Wirecutter: Our Favorite Educational Apps and Learning Games for Kids

PopSugar: A List of Indoor Activities That Will Keep Kids Entertained While Stuck at Home

Passing the Time

New York Times: Comforting Streaming TV Shows for Stressful Times

Time: A Guide to the Most Calming, Anxiety-Free Content You Can Stream Right Now

NPR’s Fresh Air Archive

Fun for you & for the kids: Monterey Bay Live Web Cams

NY Times: Can I Jog Outside? Is That Drinking Fountain Safe? Exercise in the Time of Coronavirus

Bicycling: How to Ride Safely Amid Coronavirus Concerns

A 20-minute workout is perfect for social distancing – video and tips from the Washington Post

Dealing with stress

Coronavirus anxiety: Why the outbreak feeds worries and five simple ways to reduce coronavirus anxiety

Cleveland Clinic: 5 Ways to Manage Stress During the Coronavirus Outbreak – Tips for preventing a mental meltdown

Anxiety can be a general feeling of apprehension, fear, nervousness, or worry. It can also be a sudden attack of panicky feelings, or fear of a certain situation or object. Learn more about anxiety disorders and treatment options from Medline.

MA Emergency: Gas Explosion Resources


 

Many of our Massachusetts neighbors experienced a terrible crisis last night, complete with gas explosions, fires and mass evacuations.  We’ve compiled a few resources and links that might be of help.

Emergency Services: Massachusetts Emergency Management Agency (MEMA) – If you need non-emergency assistance or information, call 2-1-1. Call 9-1-1 for emergencies.

MA Red Cross: American Red Cross of Massachusetts. Also see:  Get Help Now and Find Open Shelters  If you or someone you know needs assistance, please call the Red Cross at (800) 564-1234. This hotline is staffed 24 hours a day, 7 days a week.

Gas Utility: Columbia Gas MA

Lawrence MA: Lawrence MA Emergency Alert – info on evacuations & shelter

North Andover MA:North Andover MA Columbia Gas Leak Information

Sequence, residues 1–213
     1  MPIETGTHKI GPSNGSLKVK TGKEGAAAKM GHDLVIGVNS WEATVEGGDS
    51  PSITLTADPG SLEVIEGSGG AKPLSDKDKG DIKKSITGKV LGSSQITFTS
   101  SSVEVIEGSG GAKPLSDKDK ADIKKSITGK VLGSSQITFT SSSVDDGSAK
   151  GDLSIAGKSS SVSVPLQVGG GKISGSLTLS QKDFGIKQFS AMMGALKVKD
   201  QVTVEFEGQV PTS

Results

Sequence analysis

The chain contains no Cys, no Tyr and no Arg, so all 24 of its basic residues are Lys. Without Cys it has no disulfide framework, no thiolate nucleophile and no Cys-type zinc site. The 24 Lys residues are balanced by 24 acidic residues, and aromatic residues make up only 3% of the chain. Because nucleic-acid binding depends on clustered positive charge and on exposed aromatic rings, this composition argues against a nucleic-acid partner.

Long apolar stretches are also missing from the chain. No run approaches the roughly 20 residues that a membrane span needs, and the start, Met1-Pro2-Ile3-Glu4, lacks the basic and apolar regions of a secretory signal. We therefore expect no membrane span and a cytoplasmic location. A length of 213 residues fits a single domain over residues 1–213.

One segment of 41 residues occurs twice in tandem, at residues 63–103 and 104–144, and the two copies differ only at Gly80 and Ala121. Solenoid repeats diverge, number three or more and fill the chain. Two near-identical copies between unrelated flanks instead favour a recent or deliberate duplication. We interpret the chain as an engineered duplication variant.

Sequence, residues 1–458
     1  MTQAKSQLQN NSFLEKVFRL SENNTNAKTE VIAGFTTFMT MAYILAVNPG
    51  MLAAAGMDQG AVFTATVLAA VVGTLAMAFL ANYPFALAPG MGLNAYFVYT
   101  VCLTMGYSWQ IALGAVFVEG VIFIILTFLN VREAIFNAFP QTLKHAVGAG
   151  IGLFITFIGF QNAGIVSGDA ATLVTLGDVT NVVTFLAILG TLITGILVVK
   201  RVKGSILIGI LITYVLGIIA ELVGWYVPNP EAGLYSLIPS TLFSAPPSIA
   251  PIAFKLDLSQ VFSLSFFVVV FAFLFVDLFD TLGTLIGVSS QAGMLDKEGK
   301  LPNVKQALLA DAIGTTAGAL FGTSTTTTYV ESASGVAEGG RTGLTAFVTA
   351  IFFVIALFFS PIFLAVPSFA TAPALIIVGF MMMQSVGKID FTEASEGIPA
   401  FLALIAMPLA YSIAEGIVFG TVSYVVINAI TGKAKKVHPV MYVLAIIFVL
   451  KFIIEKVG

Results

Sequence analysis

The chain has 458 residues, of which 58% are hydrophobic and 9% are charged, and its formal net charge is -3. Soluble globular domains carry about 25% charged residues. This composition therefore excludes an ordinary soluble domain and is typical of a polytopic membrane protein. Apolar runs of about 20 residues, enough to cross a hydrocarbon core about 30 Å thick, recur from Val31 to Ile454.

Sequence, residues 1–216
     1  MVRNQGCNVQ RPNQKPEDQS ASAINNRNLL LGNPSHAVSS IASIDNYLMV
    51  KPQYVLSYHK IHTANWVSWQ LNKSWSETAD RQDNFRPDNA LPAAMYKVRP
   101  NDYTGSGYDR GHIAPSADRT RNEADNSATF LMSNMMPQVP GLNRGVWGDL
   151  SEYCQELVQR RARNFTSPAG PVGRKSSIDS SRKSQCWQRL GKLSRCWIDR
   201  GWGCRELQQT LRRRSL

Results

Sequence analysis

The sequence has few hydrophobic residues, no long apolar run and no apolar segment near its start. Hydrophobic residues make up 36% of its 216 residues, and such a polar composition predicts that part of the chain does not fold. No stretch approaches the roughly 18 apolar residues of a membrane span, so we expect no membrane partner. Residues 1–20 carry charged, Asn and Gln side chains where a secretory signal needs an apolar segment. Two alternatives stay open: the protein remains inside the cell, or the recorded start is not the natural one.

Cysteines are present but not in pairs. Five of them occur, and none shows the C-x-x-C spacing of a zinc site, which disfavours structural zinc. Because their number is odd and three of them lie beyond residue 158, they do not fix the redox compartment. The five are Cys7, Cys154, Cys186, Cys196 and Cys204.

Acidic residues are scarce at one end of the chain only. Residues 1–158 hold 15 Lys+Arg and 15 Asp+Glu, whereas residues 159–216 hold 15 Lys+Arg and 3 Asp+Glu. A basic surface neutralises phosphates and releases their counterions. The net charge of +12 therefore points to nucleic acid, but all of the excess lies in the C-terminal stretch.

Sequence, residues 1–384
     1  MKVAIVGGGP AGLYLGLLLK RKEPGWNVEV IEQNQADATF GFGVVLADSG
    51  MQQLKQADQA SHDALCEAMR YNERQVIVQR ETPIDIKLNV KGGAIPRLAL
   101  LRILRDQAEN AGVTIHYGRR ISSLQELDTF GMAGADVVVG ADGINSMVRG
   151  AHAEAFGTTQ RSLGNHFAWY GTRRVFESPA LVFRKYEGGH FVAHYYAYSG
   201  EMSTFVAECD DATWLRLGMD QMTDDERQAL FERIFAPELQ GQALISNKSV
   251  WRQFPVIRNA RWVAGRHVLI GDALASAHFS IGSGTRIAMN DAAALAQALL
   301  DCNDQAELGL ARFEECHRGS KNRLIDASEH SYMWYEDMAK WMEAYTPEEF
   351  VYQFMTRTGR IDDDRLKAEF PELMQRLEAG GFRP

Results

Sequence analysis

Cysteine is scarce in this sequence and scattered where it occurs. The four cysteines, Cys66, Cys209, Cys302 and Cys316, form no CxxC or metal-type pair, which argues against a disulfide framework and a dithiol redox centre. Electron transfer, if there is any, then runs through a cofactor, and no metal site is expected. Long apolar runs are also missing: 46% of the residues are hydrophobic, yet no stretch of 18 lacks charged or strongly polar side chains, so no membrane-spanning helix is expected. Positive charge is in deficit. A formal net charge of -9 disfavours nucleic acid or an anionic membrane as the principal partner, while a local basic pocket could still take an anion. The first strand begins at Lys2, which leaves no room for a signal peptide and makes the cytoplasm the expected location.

Andover MA: Andover MA Gas Leak Updates

Twitter is often a quick way to get emergency updates. Here are some relevant Twitter links:

If you need to file an insurance claim, contact your local independent insurance agent.
For your convenience, here’s a list of many of the top insurance companies with links to their online claim reporting resources.

Do you have a “bug-out bag” ready?


emergency preparedness checklist

If you’ve followed news about the California wildfires, you know that many people are forced to flee their homes unexpectedly at a moment’s notice. A little bit of planning goes a long way when it comes to disaster preparedness. One of the best ways to get ready for the worst is by putting together a “bug-out bag” – a collection of important documents and valuables, all in one place, ready to be scooped up and transported at a moment’s notice.

What’s In The Bag?

A quick online search will show a plethora of survival kits available for purchase, and while those are useful (and you already have a small emergency kit in your vehicle for the winter, right?), they’re not exactly what we’re looking for here. For most of us, wilderness survival isn’t our goal when putting together a bug-out bag – when the wildfire comes or the hurricane hits or the earthquake shakes, we want to have handy the documents and means to begin the long and complicated process of rebuilding our lives.